Bringing music and joy to the residents of the Walbridge Wing

In addition to all the other volunteer work they do for the residents at the Walbridge Wing, Johnny and Virginia Barton have had a regular Thursday evening “gig” for 17 years, where they play old country and western songs that our senior citizens can appreciate and enjoy. Doc Watson photo

By Doc Watson
Special to the Herald Times
MEEKER | Johnny and Virginia Barton have had a regular Thursday evening “gig” at the Walbridge Wing for 17 years, where they play old country and western songs that our senior citizens can appreciate and enjoy. With Johnny on the guitar and lead vocals and Virginia on harmony, they led off on Thanksgiving evening with Merle Haggard’s “Today I Started Loving You Again” and went on to provide more than an hour of entertainment for folks who truly appreciate it, both residents and staff.
Originally coming from the Fresno, Calif., area, where they ranched, ran a body shop, sold used cars and had a small band—Johnny also plays banjo and mandolin—they came to Meeker for the hunting about 30 years ago and have been permanent residents since 1992. Johnny works at the Environmental Plant Center, and Virginia is practically a full-time volunteer at the wing, helping with activities or whatever else is needed.
In addition to his many instruments and the portable amplifier and microphones they use each evening, the Bartons also own much sound equipment. It is their sound system, in fact, that is used each year for the bank robbery reenactment during Meeker’s Independence Day celebration.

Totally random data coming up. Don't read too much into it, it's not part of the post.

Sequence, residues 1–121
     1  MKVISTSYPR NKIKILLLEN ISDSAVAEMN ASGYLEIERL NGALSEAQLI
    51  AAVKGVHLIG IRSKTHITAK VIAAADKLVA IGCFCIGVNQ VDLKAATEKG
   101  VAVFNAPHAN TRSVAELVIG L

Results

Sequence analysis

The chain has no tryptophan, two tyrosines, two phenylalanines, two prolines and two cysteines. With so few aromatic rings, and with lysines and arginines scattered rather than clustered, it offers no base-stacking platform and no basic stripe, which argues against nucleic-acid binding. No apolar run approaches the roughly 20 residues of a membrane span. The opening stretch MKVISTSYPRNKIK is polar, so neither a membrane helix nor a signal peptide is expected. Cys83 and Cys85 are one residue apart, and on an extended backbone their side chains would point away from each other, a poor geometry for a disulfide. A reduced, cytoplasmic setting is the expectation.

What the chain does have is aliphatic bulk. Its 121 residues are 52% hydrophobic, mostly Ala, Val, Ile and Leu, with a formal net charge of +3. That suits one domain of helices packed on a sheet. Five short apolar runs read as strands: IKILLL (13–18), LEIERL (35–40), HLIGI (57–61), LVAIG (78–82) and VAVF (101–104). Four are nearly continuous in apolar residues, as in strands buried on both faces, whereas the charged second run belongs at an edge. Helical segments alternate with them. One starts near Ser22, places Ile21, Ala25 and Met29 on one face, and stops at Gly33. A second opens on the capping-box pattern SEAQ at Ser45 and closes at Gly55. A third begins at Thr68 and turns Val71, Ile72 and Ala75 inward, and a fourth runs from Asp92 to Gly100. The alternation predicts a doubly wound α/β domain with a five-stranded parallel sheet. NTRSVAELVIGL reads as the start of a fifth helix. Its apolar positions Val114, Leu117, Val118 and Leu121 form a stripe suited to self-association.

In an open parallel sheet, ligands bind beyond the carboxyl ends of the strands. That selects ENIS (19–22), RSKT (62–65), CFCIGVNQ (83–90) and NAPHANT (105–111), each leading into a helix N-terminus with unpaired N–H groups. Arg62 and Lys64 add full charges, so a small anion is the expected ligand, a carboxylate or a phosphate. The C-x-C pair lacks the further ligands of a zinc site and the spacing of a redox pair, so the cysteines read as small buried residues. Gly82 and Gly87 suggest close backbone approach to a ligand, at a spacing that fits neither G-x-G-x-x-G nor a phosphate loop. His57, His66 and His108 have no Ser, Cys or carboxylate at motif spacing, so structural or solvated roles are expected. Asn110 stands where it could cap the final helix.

Jean Gianinetti, Wing activities manager for 14 years, said she could count on one hand how many times the Bartons have missed a Thursday evening. “They have also played for special occasions, such as [Ethel] Starbuck’s 99th birthday party,” she said. “A lot of our residents’ families have had them play at the resident’s funeral service because the residents love them so much.”
In addition to all this, Johnny has built the flower boxes around the facility and planted flowers in them. “He is just a wealth of knowledge when it comes to plants,” Gianinetti said. “It’s kind of barren up here, so he has really helped us figure out what to do.”
“I really can’t think of anything they haven’t done for our residents,” Gianinetti went on to add. “Ginny has gone on trips with me to take our residents shopping and things like that. Without people like Ginny and Johnny—and we do have other volunteers—my job would be miserable. I am just so glad for this opportunity to acknowledge them.”
As Alabama’s “Born Country” came through the speaker, such volunteers were, indeed, something to be thankful for.